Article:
3. The researchers have to stick to the already planned periodic schedule during the entire duration of the study, which at times becomes difficult to adhere to because of certain compelling circumstances.
  4. The number of subjects who complete a longitudinal study tends to be small. It is not always possible to maintain consistency of sample size throughout the entire span of the study.
  5. Hawthrone Effect: The principal drawbacks of longitudinal studies are the time these take to complete and the small number of subjects that can usually be followed-up. One of the ways to maintain adequate sample size in such studies is to generate a high level of involvement amongst children and their parents in the study. Unfortunately, greater the involvement the more likely to affect the growth of children participating in the study. The phenomenon of greater involvement of parents in a longitudinal series yields to Hawthrone Effect, which results from subjects knowing that they are a ‘part of study. Continuous and persistent health care advice to the parents (whose children are part o fa longitudinal study) may become aware of relationship between growth and need for proper environment. As a result they may change their children’s diet etc. which may lead to improved general growth status of the children included in the longitudinal study.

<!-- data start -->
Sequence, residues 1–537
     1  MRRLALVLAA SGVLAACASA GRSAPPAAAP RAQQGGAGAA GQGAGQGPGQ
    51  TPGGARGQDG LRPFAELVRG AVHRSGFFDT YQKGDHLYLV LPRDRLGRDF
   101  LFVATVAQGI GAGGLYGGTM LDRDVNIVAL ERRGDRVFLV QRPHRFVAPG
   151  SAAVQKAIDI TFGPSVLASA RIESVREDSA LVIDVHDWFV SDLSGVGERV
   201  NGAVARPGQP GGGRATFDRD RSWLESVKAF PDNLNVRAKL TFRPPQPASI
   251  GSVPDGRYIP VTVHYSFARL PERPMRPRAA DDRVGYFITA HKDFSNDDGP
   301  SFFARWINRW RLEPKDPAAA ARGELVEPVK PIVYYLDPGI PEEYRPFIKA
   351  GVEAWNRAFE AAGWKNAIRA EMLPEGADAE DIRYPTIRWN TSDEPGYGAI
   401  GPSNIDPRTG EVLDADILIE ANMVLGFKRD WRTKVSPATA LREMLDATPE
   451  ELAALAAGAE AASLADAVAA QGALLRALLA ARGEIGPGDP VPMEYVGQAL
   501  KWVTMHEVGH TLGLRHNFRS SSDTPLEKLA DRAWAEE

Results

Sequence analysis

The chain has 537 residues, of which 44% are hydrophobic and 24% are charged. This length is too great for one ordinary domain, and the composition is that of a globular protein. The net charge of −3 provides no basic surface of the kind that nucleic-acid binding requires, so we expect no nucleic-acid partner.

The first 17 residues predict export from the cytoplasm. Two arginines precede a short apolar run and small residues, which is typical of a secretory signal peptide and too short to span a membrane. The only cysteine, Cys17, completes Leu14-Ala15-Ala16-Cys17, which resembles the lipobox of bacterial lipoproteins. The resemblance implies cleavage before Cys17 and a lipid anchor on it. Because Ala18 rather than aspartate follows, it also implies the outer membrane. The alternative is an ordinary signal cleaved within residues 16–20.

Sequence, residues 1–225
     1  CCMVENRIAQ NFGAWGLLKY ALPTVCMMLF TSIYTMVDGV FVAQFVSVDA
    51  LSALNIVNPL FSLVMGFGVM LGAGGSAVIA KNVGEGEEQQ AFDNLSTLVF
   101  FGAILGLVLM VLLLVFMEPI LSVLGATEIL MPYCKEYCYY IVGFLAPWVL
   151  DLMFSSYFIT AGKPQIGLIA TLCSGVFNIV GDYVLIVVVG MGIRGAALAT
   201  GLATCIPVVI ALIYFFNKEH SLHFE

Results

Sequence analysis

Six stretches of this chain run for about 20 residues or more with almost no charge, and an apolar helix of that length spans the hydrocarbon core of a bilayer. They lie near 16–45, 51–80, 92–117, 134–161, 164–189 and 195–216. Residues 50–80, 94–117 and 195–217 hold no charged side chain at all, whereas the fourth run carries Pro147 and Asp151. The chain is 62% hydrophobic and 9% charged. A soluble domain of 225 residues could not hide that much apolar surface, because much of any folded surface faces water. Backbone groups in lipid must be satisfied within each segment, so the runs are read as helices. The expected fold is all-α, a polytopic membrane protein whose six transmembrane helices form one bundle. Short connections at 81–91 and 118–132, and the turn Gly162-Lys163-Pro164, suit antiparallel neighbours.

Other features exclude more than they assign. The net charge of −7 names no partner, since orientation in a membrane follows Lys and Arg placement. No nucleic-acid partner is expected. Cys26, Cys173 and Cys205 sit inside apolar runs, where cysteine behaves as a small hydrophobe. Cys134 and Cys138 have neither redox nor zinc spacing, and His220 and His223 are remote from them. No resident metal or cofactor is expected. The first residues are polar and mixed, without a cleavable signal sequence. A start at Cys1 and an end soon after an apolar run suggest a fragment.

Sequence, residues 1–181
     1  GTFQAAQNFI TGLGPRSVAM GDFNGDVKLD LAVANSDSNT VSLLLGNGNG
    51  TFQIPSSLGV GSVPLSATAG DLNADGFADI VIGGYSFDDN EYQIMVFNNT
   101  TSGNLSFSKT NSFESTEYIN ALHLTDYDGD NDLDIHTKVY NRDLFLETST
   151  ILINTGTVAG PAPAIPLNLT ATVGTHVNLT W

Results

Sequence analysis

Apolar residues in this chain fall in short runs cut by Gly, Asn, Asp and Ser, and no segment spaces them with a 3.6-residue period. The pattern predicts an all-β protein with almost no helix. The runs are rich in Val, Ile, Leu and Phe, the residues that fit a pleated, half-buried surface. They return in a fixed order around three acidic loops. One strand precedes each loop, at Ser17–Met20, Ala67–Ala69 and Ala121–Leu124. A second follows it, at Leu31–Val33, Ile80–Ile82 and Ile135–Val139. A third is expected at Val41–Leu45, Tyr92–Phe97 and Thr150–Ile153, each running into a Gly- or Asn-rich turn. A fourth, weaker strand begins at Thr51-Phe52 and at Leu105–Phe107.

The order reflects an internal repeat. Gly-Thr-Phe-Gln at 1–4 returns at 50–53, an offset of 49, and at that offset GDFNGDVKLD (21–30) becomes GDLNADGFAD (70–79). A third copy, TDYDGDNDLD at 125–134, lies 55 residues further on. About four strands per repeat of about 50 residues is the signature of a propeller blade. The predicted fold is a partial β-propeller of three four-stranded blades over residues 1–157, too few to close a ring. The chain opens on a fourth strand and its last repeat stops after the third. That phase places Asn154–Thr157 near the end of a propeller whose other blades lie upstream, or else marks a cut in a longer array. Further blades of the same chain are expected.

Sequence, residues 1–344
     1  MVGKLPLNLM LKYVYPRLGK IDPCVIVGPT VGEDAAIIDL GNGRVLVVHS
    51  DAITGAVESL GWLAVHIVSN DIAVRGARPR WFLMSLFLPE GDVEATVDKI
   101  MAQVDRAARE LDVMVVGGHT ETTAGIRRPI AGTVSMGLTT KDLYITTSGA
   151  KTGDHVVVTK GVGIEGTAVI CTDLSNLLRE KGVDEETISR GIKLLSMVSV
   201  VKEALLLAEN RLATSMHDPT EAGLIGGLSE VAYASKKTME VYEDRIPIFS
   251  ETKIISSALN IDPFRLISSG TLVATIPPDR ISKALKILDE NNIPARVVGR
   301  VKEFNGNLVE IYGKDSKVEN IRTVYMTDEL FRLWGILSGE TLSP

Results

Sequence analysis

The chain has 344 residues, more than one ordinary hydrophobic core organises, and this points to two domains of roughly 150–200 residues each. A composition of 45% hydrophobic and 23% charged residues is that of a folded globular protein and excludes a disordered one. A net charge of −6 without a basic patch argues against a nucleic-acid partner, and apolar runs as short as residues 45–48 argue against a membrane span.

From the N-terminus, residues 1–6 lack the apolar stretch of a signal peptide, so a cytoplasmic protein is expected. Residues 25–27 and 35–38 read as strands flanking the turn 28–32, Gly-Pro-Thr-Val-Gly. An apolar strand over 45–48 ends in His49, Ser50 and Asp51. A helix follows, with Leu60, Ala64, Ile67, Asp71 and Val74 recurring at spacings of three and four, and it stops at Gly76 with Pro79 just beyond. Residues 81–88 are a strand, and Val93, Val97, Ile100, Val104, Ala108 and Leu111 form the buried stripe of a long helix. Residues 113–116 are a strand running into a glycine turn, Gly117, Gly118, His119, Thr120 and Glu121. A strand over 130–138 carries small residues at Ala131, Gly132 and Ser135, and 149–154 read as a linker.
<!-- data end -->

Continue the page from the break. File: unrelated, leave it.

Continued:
Merits- Cross sectional studies

  1. They are cheaper, less time consuming, can include much larger number of subjects in a brief duration and provide important information about the distance attainments or gross size attained by children during a span of time.
  2. Results of cross-sectional studies give information on growth, maturity, performance or physical activity status of a sample of children and the variability within the sample.
  3. Such studies provide information on body size, stage of maturity or level of performance and especially activity attained at the time of survey.
  4. This method is very useful in constructing growth standards for communities.